1.Most of the atomic energy levels used in the opacity code are obtained from single configuration LS Hartree-Fock calculations, with relativistic corrections. These energy levels are then fit with a quantum defect model in order to reduce this massive data base to a managable set. This can result in errors of 1% or more, especially for inner shell transitions. Errors of this magnitude have little effect on the integrated opacity, but are large in terms of spectroscopic accuracy.
2. For the higher Z elements, even the reduced LS coupled data base becomes too large. Switching to jj coupling, which is usually the preferred model for these elements, would require even more data. For this reason, the opacity code uses an Unresolved Transition Array (UTA) model for many bound-bound transitions calculations. This model replaces the actual transition array with a single Gaussian profile to approximate all of the actual lines (which can number in the millions). This overestimates the opacity for low densities, so a Random Line model is used to replace the single Gaussian with a relatively small set of randomly generated, plasma broadened lines that distribute the total oscillator strength over the same energy interval as the original transition array. For obvious reasons, none of these random lines can be matched spectroscopically, but looking at a broad enough energy range, this model will preserve the oscillator strength within the correct photon energy range.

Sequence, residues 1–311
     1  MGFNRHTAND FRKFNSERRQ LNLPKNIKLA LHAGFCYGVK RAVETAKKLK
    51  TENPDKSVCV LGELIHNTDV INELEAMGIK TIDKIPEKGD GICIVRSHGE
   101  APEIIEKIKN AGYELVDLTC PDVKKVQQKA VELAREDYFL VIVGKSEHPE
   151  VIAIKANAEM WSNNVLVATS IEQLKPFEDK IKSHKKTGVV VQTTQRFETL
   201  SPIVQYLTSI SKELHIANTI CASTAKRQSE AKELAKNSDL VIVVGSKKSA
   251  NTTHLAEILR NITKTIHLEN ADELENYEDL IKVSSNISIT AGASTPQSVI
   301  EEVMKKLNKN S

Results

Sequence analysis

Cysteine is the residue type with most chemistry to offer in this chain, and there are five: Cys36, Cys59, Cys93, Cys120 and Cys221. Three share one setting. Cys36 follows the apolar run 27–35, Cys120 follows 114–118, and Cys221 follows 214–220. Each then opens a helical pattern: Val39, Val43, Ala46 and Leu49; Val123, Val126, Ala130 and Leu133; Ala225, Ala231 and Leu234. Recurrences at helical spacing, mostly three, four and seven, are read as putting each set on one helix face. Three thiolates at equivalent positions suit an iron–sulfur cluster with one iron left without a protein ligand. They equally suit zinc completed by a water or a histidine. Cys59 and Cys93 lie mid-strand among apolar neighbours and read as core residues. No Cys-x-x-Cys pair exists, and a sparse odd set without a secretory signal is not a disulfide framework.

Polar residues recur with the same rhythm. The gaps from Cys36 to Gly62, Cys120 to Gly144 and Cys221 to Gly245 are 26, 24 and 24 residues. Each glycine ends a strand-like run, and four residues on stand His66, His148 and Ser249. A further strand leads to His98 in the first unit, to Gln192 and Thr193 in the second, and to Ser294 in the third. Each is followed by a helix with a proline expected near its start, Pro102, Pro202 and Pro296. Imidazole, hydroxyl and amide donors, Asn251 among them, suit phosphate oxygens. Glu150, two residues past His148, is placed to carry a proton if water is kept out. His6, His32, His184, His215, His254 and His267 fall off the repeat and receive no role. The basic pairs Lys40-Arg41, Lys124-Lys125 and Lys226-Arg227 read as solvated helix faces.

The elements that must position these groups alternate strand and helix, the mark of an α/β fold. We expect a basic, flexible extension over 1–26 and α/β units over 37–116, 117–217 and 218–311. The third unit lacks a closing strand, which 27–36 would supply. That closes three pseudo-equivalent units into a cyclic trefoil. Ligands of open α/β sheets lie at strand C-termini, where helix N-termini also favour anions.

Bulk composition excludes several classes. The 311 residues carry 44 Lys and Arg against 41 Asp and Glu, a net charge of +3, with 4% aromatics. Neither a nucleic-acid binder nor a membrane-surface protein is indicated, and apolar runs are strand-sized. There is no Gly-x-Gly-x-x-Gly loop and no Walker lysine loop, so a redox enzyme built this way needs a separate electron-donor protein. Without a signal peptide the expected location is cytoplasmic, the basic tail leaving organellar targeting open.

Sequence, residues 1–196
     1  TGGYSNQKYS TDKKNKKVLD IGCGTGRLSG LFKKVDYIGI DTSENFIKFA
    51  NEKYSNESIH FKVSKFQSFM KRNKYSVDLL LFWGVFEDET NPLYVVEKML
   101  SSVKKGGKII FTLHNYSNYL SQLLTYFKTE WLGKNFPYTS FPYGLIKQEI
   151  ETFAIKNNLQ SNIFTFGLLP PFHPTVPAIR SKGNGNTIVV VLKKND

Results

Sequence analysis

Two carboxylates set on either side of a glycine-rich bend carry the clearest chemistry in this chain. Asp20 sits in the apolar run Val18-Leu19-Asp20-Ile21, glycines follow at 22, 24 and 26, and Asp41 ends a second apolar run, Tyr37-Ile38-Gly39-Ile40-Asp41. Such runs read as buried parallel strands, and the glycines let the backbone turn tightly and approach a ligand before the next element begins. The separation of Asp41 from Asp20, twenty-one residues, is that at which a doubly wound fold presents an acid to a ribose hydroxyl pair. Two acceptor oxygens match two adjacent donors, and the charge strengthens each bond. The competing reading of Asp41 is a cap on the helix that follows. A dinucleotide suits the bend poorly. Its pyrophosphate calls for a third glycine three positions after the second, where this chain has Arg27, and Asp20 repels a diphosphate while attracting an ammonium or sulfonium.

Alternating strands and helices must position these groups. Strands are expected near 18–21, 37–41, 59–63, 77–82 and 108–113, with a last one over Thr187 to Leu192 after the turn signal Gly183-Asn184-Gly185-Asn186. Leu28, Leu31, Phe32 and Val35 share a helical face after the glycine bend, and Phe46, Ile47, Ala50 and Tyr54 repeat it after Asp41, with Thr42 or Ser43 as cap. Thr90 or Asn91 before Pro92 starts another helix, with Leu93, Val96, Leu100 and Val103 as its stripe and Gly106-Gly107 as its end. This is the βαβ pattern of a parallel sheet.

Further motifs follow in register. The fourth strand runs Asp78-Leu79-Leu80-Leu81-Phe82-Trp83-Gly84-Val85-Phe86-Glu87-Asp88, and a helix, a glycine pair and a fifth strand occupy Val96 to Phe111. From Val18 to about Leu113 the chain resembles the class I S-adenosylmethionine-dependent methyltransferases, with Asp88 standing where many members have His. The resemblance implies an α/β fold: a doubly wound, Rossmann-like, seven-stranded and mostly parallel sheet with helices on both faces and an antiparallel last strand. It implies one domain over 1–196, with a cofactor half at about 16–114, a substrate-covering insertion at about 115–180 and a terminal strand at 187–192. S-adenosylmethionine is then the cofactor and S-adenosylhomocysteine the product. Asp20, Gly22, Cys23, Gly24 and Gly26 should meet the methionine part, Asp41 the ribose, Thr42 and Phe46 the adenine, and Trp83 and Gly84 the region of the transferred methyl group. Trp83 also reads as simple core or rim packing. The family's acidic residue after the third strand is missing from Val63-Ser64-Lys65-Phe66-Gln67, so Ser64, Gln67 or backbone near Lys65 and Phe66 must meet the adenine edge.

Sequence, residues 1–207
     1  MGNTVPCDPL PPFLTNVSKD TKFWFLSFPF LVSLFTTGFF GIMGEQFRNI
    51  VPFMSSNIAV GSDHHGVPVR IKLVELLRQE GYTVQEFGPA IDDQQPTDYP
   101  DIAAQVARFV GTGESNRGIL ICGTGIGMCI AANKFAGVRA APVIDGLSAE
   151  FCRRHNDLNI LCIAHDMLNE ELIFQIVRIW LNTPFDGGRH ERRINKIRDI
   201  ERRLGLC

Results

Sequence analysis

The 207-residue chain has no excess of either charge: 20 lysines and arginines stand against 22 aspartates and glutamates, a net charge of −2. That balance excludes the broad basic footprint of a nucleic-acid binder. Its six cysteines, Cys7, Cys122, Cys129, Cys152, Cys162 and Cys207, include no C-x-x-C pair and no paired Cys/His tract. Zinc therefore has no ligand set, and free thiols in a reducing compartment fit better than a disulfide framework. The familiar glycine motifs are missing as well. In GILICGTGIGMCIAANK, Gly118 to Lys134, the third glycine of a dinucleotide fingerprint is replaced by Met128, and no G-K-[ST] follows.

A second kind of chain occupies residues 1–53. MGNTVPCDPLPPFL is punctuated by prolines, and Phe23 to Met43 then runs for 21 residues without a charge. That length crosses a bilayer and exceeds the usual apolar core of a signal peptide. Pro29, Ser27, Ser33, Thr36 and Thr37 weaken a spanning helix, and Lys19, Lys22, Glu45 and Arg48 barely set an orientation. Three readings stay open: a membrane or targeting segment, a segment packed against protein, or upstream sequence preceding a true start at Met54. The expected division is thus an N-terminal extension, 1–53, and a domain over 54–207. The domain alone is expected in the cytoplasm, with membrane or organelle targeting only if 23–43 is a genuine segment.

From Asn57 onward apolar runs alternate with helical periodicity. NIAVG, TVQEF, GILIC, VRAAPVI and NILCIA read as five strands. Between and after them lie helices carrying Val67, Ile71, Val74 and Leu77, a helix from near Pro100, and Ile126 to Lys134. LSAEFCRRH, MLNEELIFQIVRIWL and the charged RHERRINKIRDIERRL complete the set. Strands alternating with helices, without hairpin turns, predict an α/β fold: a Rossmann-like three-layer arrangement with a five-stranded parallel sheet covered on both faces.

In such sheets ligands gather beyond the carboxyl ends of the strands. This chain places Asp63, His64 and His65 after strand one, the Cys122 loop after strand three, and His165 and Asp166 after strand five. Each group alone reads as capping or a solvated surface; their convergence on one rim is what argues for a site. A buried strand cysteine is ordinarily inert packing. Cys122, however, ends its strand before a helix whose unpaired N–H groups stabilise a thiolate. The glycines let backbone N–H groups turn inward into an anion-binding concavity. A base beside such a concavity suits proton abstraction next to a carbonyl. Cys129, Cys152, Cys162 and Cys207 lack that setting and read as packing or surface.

3. The individual element opacities are all calculated at the same u (u = hv/kT) grid for all temperatures and densities. This allows the elements to be mixed together to form opacities for multi-element materials. Since this is a fixed grid, the contributions from the different processes (such as bound-bound transitions) are calculated and summed only at the grid points and no effort is made to preserve the line centers. Therefore, line ratios could be reversed from their normal ratio by the choice of grid points. In addition to this, since the u's are constant, each temperature samples the opacity cross sections at different photon energies. If the lines are broad enough, this makes little difference, but the narrow line distribution could look entirely different at two adjoining temperatures.
All attempts are made to insure the most accurate possible opacity calculations, but because of the above inherent limitations, use of the frequency dependent opacities to match spectra is discouraged.